As November 8th approaches, news and commentary about the “landmark” Burmese general elections are picking up. As usual, I have my own thoughts about the growing buzz surrounding Election Day.
Let's start off with some quick background information. The upcoming November 8th election in Burma is widely considered to be one of the most important political events in the nation’s history. The authoritarian regime, still warring with several ethnic rebel insurgencies, has for several years now promised reform, increased civilian control, and a transition to democracy. Yet reform has been slow and uneven, with the intentions of the regime constantly questioned both domestically and internationally. The upcoming election is viewed as a critical litmus test that will reveal the true extent of the current regime’s reform agenda. The two central actors are the military-backed ruling party, the Union Solidarity and Development Party (USDP), and the opposition party, the National League for Democracy (NLD), led by the renowned pro-democracy activist Aung San Suu Kyi. Dozens of political parties created to represent the nation’s many severely-oppressed ethnic minority groups are also running campaigns.
But if we are using the November 8th election as a litmus test, we need to make sure we’re doing it right. And that means looking at much, much more than simply whether votes are counted fairly on Election Day. It’s critical that we consider the many other factors that may be working against real reform and in favor of entrenched authoritarian interests.
First, Burma has serious disenfranchisement issues. The Rohingya, one of the nation’s most persecuted minority groups, are still fighting for their due citizenship rights (and for their basic survival). They certainly won’t be able to cast ballots in the upcoming election. But it’s not just the Rohingya who will be silenced. There are over 2 million Burmese nationals living abroad (many of them refugees who were forced to flee from war, brutality, and persecution), yet only a few thousand were able to successfully register to vote in the upcoming election, due to overly stringent, complicated procedures (see here). That’s less than 1 percent. The fact that the Rohingya and overseas Burmese, two of the groups that are most opposed to the ruling regime, are unable to vote casts a serious shadow on the legitimacy of the electoral outcome.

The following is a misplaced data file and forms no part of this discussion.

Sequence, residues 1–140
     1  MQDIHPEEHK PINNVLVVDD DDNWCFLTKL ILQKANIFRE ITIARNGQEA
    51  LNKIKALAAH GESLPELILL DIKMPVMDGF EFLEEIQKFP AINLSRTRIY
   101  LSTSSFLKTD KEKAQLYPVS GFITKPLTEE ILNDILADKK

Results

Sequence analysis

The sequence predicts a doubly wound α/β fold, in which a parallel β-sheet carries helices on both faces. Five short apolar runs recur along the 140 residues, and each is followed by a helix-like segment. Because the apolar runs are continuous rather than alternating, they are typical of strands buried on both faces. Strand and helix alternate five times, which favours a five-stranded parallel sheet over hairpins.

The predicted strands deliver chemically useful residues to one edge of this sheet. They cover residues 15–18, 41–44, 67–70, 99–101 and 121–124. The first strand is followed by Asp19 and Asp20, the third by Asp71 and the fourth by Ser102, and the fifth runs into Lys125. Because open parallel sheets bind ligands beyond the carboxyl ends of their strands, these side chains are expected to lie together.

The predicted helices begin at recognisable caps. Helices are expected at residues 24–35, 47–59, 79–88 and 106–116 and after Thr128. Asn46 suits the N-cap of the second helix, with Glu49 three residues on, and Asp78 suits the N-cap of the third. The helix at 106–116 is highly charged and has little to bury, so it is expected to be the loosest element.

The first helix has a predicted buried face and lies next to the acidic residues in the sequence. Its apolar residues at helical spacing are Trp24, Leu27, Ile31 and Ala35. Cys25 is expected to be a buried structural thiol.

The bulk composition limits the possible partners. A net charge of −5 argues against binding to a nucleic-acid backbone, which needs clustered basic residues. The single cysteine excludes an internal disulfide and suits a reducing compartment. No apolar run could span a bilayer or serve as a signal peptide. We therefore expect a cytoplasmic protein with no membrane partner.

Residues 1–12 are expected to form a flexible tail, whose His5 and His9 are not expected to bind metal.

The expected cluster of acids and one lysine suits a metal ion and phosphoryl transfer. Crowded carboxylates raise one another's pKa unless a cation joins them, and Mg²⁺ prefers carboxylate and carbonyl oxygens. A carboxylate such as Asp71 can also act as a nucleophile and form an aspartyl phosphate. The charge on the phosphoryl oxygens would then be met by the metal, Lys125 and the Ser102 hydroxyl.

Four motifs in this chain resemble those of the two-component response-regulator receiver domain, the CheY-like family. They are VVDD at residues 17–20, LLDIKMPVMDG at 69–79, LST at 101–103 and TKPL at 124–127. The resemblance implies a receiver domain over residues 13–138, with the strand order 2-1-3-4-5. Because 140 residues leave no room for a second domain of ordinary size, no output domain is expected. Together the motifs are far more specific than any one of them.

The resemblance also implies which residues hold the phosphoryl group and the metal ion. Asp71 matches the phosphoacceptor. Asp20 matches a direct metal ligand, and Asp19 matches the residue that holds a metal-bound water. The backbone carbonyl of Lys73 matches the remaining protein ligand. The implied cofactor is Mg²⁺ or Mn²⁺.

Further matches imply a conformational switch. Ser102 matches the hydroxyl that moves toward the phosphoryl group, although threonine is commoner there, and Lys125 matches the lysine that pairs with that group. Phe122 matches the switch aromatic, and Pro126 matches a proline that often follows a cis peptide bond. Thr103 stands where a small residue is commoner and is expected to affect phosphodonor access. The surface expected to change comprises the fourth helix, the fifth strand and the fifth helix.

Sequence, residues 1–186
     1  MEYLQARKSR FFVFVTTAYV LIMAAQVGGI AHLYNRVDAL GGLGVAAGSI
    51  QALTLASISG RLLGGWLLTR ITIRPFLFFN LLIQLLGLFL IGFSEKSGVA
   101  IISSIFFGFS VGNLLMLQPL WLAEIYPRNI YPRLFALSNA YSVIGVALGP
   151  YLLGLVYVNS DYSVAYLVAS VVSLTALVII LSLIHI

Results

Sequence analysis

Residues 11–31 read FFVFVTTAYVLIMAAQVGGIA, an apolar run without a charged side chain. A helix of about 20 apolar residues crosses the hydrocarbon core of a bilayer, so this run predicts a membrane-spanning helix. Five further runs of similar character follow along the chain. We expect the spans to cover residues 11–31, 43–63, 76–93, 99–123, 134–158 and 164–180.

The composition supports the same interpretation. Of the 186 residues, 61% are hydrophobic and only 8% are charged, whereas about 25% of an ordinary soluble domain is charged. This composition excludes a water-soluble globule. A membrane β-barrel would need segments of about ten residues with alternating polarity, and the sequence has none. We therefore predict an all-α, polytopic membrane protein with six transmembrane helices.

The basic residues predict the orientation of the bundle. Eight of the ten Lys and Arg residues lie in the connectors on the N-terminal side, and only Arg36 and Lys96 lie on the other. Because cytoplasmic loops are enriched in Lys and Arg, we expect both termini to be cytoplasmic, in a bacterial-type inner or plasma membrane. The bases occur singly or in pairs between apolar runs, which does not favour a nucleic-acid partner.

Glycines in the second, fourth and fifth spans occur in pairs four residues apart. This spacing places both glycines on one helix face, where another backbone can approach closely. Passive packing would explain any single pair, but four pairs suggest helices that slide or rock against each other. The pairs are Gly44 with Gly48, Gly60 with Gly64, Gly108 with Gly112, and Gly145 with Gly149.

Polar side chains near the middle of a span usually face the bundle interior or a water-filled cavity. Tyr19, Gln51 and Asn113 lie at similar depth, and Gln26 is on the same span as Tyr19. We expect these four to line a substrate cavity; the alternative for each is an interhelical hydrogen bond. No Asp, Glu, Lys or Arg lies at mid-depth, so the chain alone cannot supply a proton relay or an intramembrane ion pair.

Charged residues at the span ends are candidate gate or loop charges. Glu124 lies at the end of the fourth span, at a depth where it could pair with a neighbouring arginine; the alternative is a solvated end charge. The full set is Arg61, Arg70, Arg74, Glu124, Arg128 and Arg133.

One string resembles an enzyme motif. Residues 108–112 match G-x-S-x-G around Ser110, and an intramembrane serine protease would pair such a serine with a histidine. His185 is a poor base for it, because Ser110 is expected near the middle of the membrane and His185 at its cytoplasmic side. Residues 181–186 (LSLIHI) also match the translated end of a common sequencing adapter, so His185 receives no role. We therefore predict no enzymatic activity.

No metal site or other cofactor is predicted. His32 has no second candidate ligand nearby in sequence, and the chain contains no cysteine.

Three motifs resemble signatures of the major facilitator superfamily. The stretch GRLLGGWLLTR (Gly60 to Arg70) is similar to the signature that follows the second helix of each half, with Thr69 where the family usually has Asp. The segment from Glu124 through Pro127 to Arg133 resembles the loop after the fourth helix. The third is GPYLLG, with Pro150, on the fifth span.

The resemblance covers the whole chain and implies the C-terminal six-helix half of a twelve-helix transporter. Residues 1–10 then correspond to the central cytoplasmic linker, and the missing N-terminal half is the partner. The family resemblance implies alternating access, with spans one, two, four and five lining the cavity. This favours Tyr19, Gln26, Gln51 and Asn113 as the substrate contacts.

Second, who can run in an election is equally as important as who can vote in an election. And here, too, the regime is heavily controlling the process and limiting participation of groups it deems undesirable. Most concerning has been the “wildly disproportionate” disqualification of Muslim candidates (see here), and the outright disqualification of anyone who has participated in an insurgency or rebellion. While outside of the Burmese context, the disqualification of former-rebels might seem like a reasonable, prudent restriction, given that the nation has been embroiled in scores of insurgencies for over 60 years, and that many of these rebels are fighting exactly because of their political exclusion, this disqualification should be reconsidered. Effectively, it means that many prominent leaders with well-established followings are once more excluded from any peaceful political process.
Many people seem to be waiting with bated breath for the 8th to see whether the ruling regime is truly committed to democratic reform. But, to some extent, I think we already have the answers in front of us. The most persecuted groups, and the groups that most threaten the basic legitimacy of the old guard, have already been excluded from participation. We don’t need to wait until November 8th to see that, and we certainly shouldn’t forget it, even if everything does seem to go well when Election Day rolls around.
While the previous points are specific to Burma, the tendency to take elections at face value—did the people with the most votes peacefully take power?—is universal. We need to look more carefully at the circumstances, processes, rules, and power dynamics surrounding Election Day in order to really evaluate political freedom and fairness.
*I am an avid observer of Burmese politics. I worked closely in support of the Kachin Women's Association Thailand, an organization that aids Kachin refugees, for 4 years. I also spent a year working as a research assistant at Dartmouth College conducting research on the Karen National Union and Communist Party of Burma insurgencies.